Archive for the 'Stripes and Strands Hat' Category

Santa Cruz Hat and a Gallery Invitation

Check out Maya modeling her new Santa Cruz Hat, made by Thea of Baby Cocktails and Knitting. What a lovely smile!

Girl in a Santa Cruz hat

Girl in a Santa Cruz hat

One of the really fun things about Ravelry is that I’ve been able to see my patterns knit up by other people and to get their feedback on my designs. Of course, not everyone is on Ravelry (yet!), so I’m only hearing from a subsection of the folks who’ve knit my patterns. In the spirit of inclusivity—and, I’ll admit it, because I get a thrill out of seeing my designs knit up by others’ hands—I’ll soon be starting a gallery on this site.

To make things interesting, I’ll turn the gallery into a sort of lucky draw. Every time I receive photos of ten new items for the gallery, I’ll put those knitters’ names into “the hat” and draw out a winner, who will receive a little knitting something: maybe some yarn, maybe a hand-knit dishcloth, maybe some of the patterns I sell through one of my LYSs. To be entered, just send a pic of your version of any one of my patterns to shATwhatifknitsDOTcom (Melissa will be uploading these and asks that you try to keep the documents to a reasonable size). And if you’d like your picture in the gallery to link back to your website, include that address.

Right now, I have the following patterns available free on-line (and more will be coming soon):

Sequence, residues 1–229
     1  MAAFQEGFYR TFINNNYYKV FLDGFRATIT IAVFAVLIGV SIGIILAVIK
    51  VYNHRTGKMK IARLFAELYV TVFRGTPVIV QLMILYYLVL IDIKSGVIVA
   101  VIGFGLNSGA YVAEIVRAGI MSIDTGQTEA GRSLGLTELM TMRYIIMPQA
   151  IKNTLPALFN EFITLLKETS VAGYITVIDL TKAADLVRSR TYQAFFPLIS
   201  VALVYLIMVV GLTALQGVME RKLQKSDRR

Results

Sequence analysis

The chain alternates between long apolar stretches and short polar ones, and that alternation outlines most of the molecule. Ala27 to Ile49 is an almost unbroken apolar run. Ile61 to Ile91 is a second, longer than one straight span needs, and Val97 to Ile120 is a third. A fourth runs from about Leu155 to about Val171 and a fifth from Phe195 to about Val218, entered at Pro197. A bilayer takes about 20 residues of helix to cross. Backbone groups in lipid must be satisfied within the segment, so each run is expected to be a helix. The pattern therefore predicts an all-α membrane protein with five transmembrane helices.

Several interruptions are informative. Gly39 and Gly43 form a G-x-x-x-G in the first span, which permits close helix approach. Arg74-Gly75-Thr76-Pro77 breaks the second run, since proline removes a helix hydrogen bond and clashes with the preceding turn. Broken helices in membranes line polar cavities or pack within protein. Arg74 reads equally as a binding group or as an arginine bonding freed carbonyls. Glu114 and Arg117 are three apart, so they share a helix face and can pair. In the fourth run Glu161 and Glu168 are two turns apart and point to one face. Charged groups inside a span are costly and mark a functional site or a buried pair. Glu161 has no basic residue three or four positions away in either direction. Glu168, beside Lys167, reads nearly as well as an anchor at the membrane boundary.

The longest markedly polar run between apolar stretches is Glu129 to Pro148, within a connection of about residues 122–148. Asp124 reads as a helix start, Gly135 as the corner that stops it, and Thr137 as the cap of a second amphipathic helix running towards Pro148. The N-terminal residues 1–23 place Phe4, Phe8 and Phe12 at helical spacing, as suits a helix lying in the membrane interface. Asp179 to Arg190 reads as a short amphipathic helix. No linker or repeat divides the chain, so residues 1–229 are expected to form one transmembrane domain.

Basic Wrist Warmers
Bulky Tam
Point Lobos Hat
Reversible SWS Hat
Sandia Hat
Santa Cruz Hat
Splint Covers
Stripes and Strands Hat
Tamalpais Hats (4 versions)

Enjoy! And please, let me see the results—it does my knitterly heart good.

October 12 2007 | Basic Wrist Warmers and Bulky Tam and Patterns and Point Lobos Hat and Reversible SWS Hat and Sandia Kids' Hat and Santa Cruz Hat and Splint Covers and Stripes and Strands Hat and Tamalpais Hat, v. 1.0-4.0 | 6 Comments »

Stripes and Strands Hat Pattern (and One More Hat to Look At)

Behold my “Stripes and Strands” hat, knit from two skeins of sock yarn, one solid, one self-striping. This hat was inspired by my first foray into stranded knitting, the Semi-Norwegian Oak Leaf Hat (see below). I wanted to try a) mixing stranded and plain knitting and b) using a self-striping yarn as both “background” and “featured yarn” in the same project. The hat has a solid navy background with two bands of stranded work and a central band of the self-striping yarn in a simple knit stitch.
Blue hat, strands and bands
I’m including the pattern here, along with some of my thoughts about possible variations. I’d love to hear from you and to see the results if you try this pattern.

Stripes and Strands Hat

Yarn: One skein each of a solid and a self-striping sock yarn (a single-sock sized skein in each color will be more than sufficient). I used KnitPicks Essential in navy for the solid and Plymoth Sockotta in color 507 (45% cotton, 40% wool, 15% nylon) for the stripes. You can also, of course, use two solid color yarns—or, heck, two self-striping yarns if you really want to live dangerously.
Needles: 16″ circulars and double points in U.S. size 2.
Other Necessities: stitch marker, yarn needle.